But what is the United States and its allies to do about the growing number of people from around the world — the CIA estimates 10,000 — flocking to Iraq and Syria, pledging allegiance to this self-styled caliphate, a terrorist group so vicious its parent organization, al Qaeda, disowned them?

Two professors at the National War College tackled that and other questions Monday (April 6) in a briefing at the National Press Club sponsored by the Medill National Security Journalism Initiative.

Dr. Richard Andres said the group has been very successful using social media to recruit new members and raise money. Despite the disturbing images of beheadings and other violence that IS has spread across the Internet, despite the knowledge that Islamic State practices severe Sharia law that calls for stoning, flogging and mutilating wrongdoers, hundreds of mostly young people are leaving their homes in Europe, the Americas, North Africa and Asia to join IS and risk their lives in a war zone. The group is also called ISIL (for Islamic State in Iraq and the Levant) by the U.S. government and ISIS (Islamic State in Iraq and Syria) by others.

Andres, professor of National Security Strategy at the War College, says social media takes advantage of two psychological quirks: People are attracted to the sensational, whether it be lurid gossip or disturbing images, and will click on a webpage to see it. People are also “attracted to things that confirm our existing biases,” Andres said, so the politically unsophisticated or economically frustrated are drawn in to view more and more outrageous information.Soon they’re hearing just one side of the story and straying farther and farther from mainstream cultural attitudes. This is especially true in undemocratic regimes where the government controls the media. If you can’t trust mainstream media in your country, Andres said, you’re going to be drawn toward more radical information. The message IS sends of fighting repression and exploitation by the West “resonates with young people,” playing on their desire to initiate change and fight injustice.

Dr. Omer Taspinar said most of Islamic State’s new recruits are believed to come — not from the poor and downtrodden of Middle Eastern slums — but from middle and working class immigrant families in Britain, Germany, Italy, France and other European countries. While these radicalized young Muslims are often educated and have grown up in democratic societies, social and economic inequality still play a role in what Taspinar called “relative deprivation.” Dissatisfaction grows with unmet aspirations and expectations of a good job, family and a better life until, in some cases, it becomes unbearable. “It’s about the gap between opportunities and expectations,” he added.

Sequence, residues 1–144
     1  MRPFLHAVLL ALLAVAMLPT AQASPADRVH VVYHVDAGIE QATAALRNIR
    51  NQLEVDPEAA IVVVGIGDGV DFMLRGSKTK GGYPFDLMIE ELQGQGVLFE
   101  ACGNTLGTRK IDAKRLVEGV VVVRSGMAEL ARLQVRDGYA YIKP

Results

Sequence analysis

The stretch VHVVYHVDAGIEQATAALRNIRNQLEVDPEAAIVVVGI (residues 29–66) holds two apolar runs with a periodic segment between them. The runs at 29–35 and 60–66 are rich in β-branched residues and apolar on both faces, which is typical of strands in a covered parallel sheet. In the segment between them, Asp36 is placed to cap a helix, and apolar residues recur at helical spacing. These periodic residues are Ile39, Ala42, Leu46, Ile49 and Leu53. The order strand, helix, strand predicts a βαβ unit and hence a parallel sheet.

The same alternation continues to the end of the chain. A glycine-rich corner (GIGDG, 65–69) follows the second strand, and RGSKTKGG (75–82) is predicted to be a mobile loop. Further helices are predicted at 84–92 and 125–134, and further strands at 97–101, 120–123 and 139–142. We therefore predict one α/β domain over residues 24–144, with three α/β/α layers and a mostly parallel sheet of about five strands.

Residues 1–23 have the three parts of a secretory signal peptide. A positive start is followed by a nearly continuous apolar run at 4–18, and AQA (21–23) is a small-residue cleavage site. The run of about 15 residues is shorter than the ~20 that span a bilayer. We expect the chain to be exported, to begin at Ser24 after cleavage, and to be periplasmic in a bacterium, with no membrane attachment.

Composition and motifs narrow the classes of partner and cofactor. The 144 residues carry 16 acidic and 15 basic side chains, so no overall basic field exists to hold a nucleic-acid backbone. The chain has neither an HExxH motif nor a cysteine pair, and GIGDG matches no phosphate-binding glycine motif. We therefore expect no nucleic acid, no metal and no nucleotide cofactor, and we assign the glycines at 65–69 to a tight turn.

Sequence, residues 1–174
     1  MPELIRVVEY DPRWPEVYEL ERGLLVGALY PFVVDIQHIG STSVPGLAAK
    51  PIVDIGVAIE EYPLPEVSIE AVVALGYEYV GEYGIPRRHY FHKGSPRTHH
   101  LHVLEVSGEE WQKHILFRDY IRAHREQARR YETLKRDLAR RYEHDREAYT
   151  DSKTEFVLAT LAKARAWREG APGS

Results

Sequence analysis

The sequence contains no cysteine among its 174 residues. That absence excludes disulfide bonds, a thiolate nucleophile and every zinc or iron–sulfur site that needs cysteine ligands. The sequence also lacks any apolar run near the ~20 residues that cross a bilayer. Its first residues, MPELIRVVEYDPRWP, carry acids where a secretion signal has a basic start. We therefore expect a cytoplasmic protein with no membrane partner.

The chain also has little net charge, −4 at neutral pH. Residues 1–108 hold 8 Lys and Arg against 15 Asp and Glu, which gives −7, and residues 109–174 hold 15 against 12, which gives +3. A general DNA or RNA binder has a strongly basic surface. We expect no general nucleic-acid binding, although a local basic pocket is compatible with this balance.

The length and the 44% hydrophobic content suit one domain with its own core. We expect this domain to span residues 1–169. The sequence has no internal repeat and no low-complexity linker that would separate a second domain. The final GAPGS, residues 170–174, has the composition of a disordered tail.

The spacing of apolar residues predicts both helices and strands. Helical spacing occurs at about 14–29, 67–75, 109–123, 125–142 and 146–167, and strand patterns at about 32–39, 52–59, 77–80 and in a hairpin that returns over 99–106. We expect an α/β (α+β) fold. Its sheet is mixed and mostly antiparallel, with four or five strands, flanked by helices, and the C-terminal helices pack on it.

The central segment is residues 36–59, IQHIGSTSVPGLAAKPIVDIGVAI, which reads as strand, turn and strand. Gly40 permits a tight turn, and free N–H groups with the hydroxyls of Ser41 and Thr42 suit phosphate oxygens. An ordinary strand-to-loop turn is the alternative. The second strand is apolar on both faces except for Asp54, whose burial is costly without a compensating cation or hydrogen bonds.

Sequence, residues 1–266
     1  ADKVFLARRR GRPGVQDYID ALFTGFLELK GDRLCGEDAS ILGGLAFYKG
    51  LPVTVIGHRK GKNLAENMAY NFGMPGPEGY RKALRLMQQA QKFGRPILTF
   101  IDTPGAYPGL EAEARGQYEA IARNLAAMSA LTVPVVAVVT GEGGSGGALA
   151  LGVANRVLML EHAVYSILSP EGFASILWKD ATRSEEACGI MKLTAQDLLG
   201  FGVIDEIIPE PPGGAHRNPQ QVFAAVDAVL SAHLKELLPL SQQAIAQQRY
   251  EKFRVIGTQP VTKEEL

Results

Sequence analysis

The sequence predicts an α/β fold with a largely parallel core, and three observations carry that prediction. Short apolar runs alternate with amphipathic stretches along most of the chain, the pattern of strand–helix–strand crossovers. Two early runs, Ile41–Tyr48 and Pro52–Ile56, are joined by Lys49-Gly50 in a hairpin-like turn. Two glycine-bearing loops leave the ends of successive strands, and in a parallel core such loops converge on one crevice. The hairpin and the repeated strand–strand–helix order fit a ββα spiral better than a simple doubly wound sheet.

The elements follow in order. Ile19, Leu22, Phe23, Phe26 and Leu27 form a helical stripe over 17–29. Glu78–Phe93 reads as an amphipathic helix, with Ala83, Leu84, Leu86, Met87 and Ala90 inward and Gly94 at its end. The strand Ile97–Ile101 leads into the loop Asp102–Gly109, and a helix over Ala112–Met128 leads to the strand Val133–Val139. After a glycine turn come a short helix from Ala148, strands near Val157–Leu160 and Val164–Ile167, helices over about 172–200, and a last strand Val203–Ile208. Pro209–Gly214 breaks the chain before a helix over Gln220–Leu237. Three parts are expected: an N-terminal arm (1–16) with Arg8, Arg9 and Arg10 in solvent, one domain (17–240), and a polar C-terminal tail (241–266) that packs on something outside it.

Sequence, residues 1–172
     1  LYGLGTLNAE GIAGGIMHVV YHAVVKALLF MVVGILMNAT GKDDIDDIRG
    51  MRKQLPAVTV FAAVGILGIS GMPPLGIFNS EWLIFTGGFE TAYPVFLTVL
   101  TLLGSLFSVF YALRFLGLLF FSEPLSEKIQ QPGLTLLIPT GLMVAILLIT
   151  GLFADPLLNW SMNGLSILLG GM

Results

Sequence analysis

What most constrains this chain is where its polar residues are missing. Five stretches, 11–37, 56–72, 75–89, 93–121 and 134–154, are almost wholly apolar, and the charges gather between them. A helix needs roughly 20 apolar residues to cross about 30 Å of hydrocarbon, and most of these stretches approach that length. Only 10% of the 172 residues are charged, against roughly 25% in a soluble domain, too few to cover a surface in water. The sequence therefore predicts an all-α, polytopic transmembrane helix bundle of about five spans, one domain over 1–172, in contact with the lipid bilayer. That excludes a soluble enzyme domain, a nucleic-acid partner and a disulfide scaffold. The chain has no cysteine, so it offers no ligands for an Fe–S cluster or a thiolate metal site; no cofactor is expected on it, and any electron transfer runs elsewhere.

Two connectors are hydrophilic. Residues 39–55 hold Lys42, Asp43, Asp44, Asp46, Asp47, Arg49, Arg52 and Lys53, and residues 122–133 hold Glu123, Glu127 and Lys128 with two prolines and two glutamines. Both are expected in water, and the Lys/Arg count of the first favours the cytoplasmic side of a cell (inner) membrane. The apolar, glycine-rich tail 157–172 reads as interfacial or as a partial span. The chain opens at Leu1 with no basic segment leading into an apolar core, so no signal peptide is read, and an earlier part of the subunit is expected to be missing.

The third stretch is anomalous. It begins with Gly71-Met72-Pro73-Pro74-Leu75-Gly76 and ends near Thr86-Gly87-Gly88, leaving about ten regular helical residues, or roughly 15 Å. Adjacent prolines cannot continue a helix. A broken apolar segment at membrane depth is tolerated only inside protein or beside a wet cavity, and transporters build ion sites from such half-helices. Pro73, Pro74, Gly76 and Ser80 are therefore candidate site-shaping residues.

This frustration leads to a feeling of alienation. “They become rebels looking for a cause,” and that makes them susceptible to radical propaganda on social media, said Taspinar, whose expertise includes political economy and Europe, the Middle East and Turkey. Both he and Andres stressed they were expressing their own views and not those of the National War College or the U.S. government.

Islamic State's territories in Syria and Iraq. CLICK TO ENLARGE (Map from the Institute for the Study of War)

Islamic State’s territories in Syria and Iraq. CLICK TO ENLARGE
(Map from the Institute for the Study of War)

Here at the 4GWAR Blog we’ve written often about the Department of Homeland Security’s concerns that American citizens who have been radicalized and served with Islamic State’s insurgencies in Syria and Iraq may return home with dangerous military skills that could be used for terrorist attacks.

Andres said the United States needs to get better at countering radical propaganda on the Web, not an easy task in a country where free speech is enshrined in the Constitution and spying on citizens is unlawful and unpopular. Unlike Russia and China, “the U.S. can’t stop people from saying what they want online,” he added. While the U.S. State Department has a small, underfunded program to challenge radical Islamist propaganda “it’s only a drop in the bucket,” Andres said.

“Not all radicals become terrorists,” Taspinar said, adding that the United States should do what it can at home and abroad to encourage tolerance. He suggested that helping autocratic regimes in the Middle East sends the wrong message to disaffected Muslim youth. Countries with good governance and rule of law can “afford” to be tolerant, he said but “once you lose your sense of security and are threatened by many enemies, you lose your sense of tolerance.” Taspinar noted that after the September 11, 2001 terrorist attacks, “the U.S. lost its sense of security. It feels much more vulnerable and it became much harder to be a Muslim in America after 9/11.”

April 6, 2015 at 7:59 pm Leave a comment

COUNTERTERRORISM: Obama Strategy for Countering Violent Extremist Groups

Long War Strategy.

President Barack Obama and National Security Adviser in the Oval Office. (White House photo by Pete Souza)

President Barack Obama and National Security Adviser Susan Rice in the Oval Office.
(White House photo by Pete Souza)